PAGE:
Friday, November 3, 2017

What Sort of Miracle?

Miracle is a term with many meanings in different contexts. When the term is used in connection with radical or unexplained improvement in one’s medical condition—miracle is frequently applied. Seldom do people comment on what type of miracle has occurred. Most people tacitly understand and approve characterizations of such events as miraculous. For example, recently a local newspaper reported on the startling recovery of a young boy from over a half dozen separate serious injuries suffered when he dashed across the road without first looking for oncoming traffic. We concur with this use of the term miracle with the caveat that the term has multidimensional meanings.

When God fashioned the Earth with its present functionality we could apply many instances in which miracle describes a series of highly remarkable events. We launch our discussion by referring to our previous post on the cause of Earth’s distinct seasons. The tilt of our planet’s axis, currently 23.4ยบ from a right angle relationship to Earth’s orbital plane, is theorized to result from the collision of Earth with another planetary body shortly after our satellite became a solid body. The hypothetical collision caused an orbital deflection which resulted in our planet’s seasonal characteristics even to this day. Most Solar System planets have seasons related to the period of their orbits, (length of time for one revolution) but the presence of life on any of them is not evident.

The presence of warm and cold seasons on our planet is the cause for speculation: Are Earth’s seasons a miracle? or are seasons merely the result of one of many natural “occurrences?” Earth’s seasons have given rise to a multitude of unique planetary characteristics. For starters, scientists acknowledge that the existence of 7 1/2 billion Earth residents on an Earth without seasons could not be sustained. Contrasting seasons have supported and continue to support a diverse and expanding human population! Is the presence of seasons and numerous other life-enabling features of our planet a miracle? If so, we ask, what sort of miracle?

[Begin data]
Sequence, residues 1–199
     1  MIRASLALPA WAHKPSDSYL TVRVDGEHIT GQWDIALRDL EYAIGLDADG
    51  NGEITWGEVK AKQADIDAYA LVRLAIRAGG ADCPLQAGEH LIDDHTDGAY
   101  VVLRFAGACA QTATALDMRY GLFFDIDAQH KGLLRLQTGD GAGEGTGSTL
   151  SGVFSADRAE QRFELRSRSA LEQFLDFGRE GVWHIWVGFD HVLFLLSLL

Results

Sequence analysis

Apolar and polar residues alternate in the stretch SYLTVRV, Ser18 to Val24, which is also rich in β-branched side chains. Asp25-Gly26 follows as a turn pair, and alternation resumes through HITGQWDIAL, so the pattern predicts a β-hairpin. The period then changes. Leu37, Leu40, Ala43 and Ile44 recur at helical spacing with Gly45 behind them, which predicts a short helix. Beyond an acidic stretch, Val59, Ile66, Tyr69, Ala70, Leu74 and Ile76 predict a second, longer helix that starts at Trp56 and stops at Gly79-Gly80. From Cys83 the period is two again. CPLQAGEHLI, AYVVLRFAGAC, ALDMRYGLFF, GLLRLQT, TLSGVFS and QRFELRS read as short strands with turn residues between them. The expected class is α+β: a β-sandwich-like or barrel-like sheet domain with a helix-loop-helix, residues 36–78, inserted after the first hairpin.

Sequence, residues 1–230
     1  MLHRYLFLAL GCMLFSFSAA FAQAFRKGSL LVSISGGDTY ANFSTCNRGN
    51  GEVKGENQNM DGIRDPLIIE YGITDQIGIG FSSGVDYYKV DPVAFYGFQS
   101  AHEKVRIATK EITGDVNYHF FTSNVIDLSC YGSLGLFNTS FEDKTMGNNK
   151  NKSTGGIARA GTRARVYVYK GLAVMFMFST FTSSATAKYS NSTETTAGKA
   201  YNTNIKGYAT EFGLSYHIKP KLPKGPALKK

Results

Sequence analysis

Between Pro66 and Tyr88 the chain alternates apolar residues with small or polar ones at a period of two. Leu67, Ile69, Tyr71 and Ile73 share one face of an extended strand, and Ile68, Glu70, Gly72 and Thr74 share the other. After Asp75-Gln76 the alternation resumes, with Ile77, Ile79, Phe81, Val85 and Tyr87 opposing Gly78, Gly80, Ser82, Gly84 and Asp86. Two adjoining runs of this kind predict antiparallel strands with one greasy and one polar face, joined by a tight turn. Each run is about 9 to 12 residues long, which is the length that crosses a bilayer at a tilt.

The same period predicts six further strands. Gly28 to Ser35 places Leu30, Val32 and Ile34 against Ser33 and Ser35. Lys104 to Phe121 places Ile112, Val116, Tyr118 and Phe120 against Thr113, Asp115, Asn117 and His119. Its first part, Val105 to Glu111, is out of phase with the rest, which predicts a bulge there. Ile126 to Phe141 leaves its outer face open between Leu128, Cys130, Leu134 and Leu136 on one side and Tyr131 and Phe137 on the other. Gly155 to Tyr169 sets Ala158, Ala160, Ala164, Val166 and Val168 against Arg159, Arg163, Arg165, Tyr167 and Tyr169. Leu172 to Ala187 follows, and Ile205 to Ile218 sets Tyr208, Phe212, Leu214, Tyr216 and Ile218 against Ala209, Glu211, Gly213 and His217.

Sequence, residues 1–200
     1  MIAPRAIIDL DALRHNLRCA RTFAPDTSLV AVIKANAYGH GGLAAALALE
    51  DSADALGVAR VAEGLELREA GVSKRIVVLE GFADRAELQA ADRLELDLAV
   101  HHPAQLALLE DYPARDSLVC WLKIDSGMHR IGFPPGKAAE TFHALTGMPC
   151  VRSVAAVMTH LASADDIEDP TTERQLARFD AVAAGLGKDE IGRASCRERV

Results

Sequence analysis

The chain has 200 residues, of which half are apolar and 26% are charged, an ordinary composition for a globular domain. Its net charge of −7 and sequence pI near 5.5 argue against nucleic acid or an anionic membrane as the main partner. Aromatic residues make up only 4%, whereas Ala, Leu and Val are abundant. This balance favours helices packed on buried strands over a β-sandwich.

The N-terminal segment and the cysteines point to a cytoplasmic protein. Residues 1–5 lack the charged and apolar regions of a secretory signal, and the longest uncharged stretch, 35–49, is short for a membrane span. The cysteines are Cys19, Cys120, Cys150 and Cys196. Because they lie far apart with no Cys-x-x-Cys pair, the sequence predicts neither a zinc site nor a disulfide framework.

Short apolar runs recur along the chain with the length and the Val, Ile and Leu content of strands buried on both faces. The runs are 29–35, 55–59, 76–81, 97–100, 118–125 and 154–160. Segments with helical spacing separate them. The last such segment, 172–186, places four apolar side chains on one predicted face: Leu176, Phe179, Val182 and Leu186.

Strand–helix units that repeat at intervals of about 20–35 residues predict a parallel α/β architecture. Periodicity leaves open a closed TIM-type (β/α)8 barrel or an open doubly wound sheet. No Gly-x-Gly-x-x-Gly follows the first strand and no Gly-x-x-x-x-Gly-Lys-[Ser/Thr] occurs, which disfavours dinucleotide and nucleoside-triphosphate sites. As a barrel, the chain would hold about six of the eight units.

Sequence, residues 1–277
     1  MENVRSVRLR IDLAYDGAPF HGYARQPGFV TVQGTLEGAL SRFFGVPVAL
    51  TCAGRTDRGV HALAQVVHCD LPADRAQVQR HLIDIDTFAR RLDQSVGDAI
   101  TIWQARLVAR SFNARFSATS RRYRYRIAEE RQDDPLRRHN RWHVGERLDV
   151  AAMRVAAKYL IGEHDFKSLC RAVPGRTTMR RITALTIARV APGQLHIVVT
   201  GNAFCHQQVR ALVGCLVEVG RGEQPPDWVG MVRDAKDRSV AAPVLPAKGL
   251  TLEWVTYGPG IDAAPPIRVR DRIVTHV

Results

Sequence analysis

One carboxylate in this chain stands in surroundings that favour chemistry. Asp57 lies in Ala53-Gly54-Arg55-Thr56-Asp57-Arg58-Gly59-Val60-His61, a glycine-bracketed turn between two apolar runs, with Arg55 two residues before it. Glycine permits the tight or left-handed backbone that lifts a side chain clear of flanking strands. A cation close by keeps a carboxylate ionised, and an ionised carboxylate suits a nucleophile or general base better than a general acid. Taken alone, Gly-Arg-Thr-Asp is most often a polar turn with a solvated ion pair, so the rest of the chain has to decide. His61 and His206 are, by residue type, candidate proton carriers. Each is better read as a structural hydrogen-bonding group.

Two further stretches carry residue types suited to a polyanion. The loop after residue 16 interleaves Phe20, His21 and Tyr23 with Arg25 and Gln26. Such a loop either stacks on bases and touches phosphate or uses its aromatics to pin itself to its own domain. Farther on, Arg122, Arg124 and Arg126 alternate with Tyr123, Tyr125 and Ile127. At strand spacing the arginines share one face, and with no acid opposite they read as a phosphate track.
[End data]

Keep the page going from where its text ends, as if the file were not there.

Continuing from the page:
In common public perception, a miracle is sometimes described as highly remarkable, wonderful, unlikely, or coincidental to a high degree. Recovery from an illness described medically as “terminal” causes us to speculate on the possibility of a miracle. The birth of a baby, given the occurrence of a multitude of wondrous circumstances immediately following conception followed by incredible prenatal events in the womb, inspires many to exult in the manifestation of a miracle as described in Psalm 139:13-16. We frequently meditate on the wondrous Old Testament Book of Job, especially chapters 36-41 where Job was questioned whether he appreciated the many works of Almighty God as manifest in the natural world. Many events described in these Book of Job chapters could be described as miracles.

Hugh Ross, in More Than a Theory, (Baker Books, 2009) describes three different kinds of miracles. Generally, his scheme for outlining miracles matches distinctions among miracles made by other authors. These miracles are Transcendent miracles, Transformational miracles, and Sustaining miracles. Ross’s categories range from events truly above and beyond ordinary physical laws contrasted with ordinary physical events events but considered unusual or noteworthy. We contemplate additional posts to help define miracles of different types.   

In the writings of Scripture and in the world of nature we experience many different examples of events which could be described as miracles. Secular scientists attribute natural explanations for every phenomenon they investigate. They resist using the term miracle in any context in their fields of investigation. In contrast, for Christians who believe in the supernatural God of Creation, many phenomena may be considered miraculous. Our blog has discussed many topics dealing with God’s actions which may be described as miraculous. The subject of miracles has many dimensions in the related topics of science and faith.